As you can see, the challenges we face in life are no different from the strength of schedule in sports. Being undefeated by playing only the weakest teams is no different than being successful because you never challenged yourself. The lower you set your bar, the less challenged you are. And the less challenges you face, the less learning and growth you will experience.
Many people do the same things and take on the exact same challenges every day. Although they find security and comfort in the predictability and routine, they are usually unhappy. Every year they become less likely to seek out or take on bigger challenges because they fear failing. They are undefeated in a non-competitive environment. Meanwhile another person approaches life with a self-improvement mindset. They know they will not succeed against every challenge they face but, instead of defining success by their victories, they define success by the challenges they have taken on. Even when they start at the same place, eventually these two people’s paths will separate. One will have an advantage because they deliberately took on tougher challenges that built their skills and experience, while the other will still be in the same place with the same skills they started with. When we look at the lives of successful people, it’s very common to find out that from an early age they were taking on challenges that their peers weren’t. Some had parents who pushed them to read at higher levels, or practice their instrument for an hour a day while their friends were playing, or put them in competitive environment with kids who were much older. By the time these kids get older they are head and shoulders above their competition. Not because they were born with the most talent, but because instead of being comfortable where they were they took on challenges that built their skills and experience at a much faster rate. In other words, they had a tougher strength of schedule.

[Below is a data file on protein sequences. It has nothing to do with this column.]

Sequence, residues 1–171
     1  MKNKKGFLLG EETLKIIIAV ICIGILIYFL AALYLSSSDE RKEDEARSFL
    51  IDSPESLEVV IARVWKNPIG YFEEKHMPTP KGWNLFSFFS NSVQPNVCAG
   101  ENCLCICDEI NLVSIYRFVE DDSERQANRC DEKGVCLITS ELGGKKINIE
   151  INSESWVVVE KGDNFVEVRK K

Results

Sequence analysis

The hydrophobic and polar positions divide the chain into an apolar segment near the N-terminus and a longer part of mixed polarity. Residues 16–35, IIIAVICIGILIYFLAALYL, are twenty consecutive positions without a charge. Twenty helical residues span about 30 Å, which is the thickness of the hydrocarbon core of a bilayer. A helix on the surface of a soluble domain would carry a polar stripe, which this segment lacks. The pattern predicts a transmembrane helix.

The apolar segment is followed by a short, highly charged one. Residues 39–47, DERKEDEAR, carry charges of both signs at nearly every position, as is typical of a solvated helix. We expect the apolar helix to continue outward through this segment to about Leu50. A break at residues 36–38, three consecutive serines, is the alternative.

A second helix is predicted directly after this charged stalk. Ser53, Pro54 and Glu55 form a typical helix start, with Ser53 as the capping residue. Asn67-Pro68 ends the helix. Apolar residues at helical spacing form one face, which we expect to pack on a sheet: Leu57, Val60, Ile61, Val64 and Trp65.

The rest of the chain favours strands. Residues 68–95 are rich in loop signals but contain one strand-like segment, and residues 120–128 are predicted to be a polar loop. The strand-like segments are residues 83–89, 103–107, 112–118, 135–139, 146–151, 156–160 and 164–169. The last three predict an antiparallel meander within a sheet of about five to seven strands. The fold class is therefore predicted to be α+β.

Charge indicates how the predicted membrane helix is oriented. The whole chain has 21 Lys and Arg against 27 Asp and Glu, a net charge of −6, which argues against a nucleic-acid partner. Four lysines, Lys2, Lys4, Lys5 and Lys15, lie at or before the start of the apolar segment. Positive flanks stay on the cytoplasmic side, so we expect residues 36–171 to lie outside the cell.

This is why we must challenge ourselves. We will never reach the next level if we are comfortable with the current one. And we will never build skills that take us to the next level if we do not challenge ourselves by taking on tougher challenges.